Financial services advisor Ernst & Young has produced a report on blockchain technology titled ‘Blockchain reaction: Tech plans for critical mass’ which looks into the upcoming potential for the technology. In the report, Ernst & Young review blockchain technology’s potential to streamline and accelerate business processes, increase cybersecurity and reduce or eliminate the roles of trusted intermediaries and centralized authorities in industry.
Paul Brody, EY Americas Strategy Leader Technology Sector, commented: “Blockchain shifts cybersecurity from depending on one to depending on many, and a large volume of people are much more trustworthy than any one individual.”
Besides looking at some early use-cases for blockchain, Ernst & Young examined when the time would be ripe for the disrupting different industries, anticipating critical mass in financial services technology in a 3- to 5-year time horizon, with other industries following quickly. It noted that the nature of that pivot, and the tax, legal and policy questions it will raise, will take time and preparation.
Financial Services Blockchain and Distributed Infrastructure Strategy Leader at Ernst & Young LLP (US), Angus Champion de Crespigny remarked: “Blockchain is developing much faster than anyone expected. To think the impact to your industry is many years away is very risky.”
The report stated that the onset of the technology may be accelerated by the fact that the global economy is currently undergoing digital transformation and as a result many companies are already set up with most of the digital infrastructure required to harness blockchain potential.
In looking at the state of blockchain in financial services at the moment, the report described some uses, such as providing efficient ways to enable services like transferring equities or other financial instruments in blockchain environments with faster settlement and lower transaction costs.
However, in the future it was imagined that markets would be self-running run, with finance embedded into the activities taking place within those markets. An example given was a blockchain hosting all-inclusive records of an automotive ecosystem whereby ownership, financing, registration, insurance and service transactions could all be tracked together. In this situation, a blockchain would make it possible for a manufacturer of driverless cars which could run itself whilst providing a cut of the revenue to the manufacturer.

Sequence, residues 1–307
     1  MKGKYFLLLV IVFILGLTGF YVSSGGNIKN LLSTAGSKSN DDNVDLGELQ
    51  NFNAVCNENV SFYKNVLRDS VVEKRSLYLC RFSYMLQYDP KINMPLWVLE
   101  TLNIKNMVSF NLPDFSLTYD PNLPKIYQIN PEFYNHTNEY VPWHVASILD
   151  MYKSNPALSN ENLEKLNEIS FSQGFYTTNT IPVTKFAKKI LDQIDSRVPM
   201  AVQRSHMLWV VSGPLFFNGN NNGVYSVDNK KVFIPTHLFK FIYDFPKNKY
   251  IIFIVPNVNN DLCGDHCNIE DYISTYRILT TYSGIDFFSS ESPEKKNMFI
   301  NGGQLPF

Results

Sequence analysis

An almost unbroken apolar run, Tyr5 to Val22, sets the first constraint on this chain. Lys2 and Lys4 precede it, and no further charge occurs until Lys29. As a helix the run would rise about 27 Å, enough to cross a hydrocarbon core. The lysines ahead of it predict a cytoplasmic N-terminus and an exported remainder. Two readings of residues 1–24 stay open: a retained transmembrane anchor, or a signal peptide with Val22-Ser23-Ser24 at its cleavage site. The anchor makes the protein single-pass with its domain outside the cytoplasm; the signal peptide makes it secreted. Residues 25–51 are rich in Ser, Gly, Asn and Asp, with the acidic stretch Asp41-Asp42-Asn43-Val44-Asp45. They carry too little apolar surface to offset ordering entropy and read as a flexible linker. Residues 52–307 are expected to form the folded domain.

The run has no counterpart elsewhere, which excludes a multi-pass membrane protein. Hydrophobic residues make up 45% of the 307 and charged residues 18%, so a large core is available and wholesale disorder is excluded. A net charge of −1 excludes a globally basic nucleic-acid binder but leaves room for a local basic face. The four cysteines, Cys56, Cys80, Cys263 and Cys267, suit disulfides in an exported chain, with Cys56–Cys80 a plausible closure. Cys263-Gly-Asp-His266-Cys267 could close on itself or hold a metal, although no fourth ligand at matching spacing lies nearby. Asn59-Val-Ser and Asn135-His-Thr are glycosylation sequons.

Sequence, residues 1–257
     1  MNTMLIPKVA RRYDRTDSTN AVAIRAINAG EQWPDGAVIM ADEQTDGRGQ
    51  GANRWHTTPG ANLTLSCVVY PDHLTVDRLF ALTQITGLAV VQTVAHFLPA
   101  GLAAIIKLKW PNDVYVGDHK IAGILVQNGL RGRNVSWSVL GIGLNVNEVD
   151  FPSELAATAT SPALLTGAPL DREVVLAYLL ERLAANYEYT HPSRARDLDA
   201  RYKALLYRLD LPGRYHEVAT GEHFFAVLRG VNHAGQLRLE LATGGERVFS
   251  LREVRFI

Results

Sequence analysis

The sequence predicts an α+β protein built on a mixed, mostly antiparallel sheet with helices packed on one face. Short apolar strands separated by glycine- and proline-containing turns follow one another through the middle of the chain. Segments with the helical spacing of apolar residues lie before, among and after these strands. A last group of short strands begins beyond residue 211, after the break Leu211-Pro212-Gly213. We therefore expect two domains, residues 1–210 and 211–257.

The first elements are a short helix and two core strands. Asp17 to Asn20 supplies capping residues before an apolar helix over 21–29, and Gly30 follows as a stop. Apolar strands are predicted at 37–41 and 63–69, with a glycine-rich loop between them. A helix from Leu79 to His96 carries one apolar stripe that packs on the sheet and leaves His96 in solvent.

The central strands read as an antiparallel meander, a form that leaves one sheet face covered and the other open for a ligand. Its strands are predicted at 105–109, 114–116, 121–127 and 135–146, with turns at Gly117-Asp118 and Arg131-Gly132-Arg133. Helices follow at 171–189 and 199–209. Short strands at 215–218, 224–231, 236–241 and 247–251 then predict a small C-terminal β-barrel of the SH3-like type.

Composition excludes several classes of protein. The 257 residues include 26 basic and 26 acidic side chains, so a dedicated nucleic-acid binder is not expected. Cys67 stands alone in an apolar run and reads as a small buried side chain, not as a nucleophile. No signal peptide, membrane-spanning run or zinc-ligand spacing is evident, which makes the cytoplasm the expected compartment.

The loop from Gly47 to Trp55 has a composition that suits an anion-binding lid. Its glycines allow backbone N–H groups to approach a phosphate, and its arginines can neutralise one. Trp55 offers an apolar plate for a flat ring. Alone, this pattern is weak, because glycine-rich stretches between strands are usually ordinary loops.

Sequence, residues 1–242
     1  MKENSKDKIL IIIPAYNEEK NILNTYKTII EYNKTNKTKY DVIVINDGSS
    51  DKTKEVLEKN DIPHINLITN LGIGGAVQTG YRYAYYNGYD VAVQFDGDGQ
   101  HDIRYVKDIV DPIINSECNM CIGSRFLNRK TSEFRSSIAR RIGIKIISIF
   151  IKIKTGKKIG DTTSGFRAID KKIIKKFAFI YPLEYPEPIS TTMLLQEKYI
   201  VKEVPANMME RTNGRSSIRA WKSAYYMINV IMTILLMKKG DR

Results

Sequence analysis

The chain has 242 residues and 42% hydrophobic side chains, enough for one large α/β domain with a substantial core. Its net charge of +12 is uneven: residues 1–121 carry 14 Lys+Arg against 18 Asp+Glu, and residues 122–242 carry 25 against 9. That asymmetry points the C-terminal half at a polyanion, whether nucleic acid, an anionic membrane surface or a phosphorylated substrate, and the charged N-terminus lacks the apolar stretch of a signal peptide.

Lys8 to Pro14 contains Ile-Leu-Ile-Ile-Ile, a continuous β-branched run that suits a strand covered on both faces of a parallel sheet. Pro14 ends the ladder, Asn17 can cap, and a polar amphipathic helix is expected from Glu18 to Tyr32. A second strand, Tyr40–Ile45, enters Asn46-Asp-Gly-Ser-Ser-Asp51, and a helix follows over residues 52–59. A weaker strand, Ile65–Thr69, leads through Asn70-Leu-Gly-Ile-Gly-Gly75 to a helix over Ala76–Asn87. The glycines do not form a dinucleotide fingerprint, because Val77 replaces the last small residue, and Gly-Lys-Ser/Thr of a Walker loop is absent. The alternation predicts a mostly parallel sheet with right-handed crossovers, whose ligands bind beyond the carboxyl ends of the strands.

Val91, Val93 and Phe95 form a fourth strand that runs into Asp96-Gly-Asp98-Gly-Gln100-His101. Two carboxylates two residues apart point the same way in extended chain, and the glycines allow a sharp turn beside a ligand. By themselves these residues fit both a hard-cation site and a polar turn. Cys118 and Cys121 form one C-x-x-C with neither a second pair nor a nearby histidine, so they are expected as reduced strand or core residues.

Other blockchain scenarios that were proposed included: Embedded health, Eliminating digital rights theft, New credit markets for low-cost assets, Government tax enforcement, Industrial IoT and others.
In order to benefit from this, the report suggests that companies get involved in the scene as early as possible, as so many big financial and tech companies already are. It also warned being too slow on the uptake and ignoring the tax implications of investment and operational decisions until the last minute could result in significant complications.
Channing Flynn, EY Global Technology Sector Leader Tax Services, explained: “To date, blockchain has transformed only people’s thinking. We don’t yet even know all the questions blockchain technology will raise, much less the answers. But waiting for the technology to take hold is too late. Now is the time to start defining the questions and influencing policy that will lead to answers.”